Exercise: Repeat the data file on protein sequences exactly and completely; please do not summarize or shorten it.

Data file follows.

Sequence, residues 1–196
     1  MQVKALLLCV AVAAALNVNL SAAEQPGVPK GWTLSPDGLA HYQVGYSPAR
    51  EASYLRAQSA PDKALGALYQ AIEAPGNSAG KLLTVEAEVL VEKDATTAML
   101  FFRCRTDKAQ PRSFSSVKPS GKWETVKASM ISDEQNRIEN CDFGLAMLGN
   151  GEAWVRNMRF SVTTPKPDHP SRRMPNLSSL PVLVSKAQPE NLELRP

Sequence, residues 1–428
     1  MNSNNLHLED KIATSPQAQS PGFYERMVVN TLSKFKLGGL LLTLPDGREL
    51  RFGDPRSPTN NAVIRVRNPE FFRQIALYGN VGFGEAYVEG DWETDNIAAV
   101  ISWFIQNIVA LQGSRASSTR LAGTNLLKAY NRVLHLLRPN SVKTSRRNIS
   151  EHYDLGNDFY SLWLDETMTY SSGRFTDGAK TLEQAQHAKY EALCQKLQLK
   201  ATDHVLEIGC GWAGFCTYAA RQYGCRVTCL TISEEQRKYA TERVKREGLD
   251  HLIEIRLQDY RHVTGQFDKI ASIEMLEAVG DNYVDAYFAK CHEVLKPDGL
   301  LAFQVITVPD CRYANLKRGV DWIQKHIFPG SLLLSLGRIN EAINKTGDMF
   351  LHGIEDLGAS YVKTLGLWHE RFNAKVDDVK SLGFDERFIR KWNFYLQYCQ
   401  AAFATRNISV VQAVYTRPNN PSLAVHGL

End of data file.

Sequence, residues 1–196
     1  MQVKALLLCV AVAAALNVNL SAAEQPGVPK GWTLSPDGLA HYQVGYSPAR
    51  EASYLRAQSA PDKALGALYQ AIEAPGNSAG KLLTVEAEVL VEKDATTAML
   101  FFRCRTDKAQ PRSFSSVKPS GKWETVKASM ISDEQNRIEN CDFGLAMLGN
   151  GEAWVRNMRF SVTTPKPDHP SRRMPNLSSL PVLVSKAQPE NLELRP

Sequence, residues 1–428
     1  MNSNNLHLED KIATSPQAQS PGFYERMVVN TLSKFKLGGL LLTLPDGREL
    51  RFGDPRSPTN NAVIRVRNPE FFRQIALYGN VGFGEAYVEG DWETDNIAAV
   101  ISWFIQNIVA LQGSRASSTR LAGTNLLKAY NRVLHLLRPN SVKTSRRNIS
   151  EHYDLGNDFY SLWLDETMTY SSGRFTDGAK TLEQAQHAKY EALCQKLQLK
   201  ATDHVLEIGC GWAGFCTYAA RQYGCRVTCL TISEEQRKYA TERVKREGLD
   251  HLIEIRLQDY RHVTGQFDKI ASIEMLEAVG DNYVDAYFAK CHEVLKPDGL
   301  LAFQVITVPD CRYANLKRGV DWIQKHIFPG SLLLSLGRIN EAINKTGDMF
   351  LHGIEDLGAS YVKTLGLWHE RFNAKVDDVK SLGFDERFIR KWNFYLQYCQ
   401  AAFATRNISV VQAVYTRPNN PSLAVHGL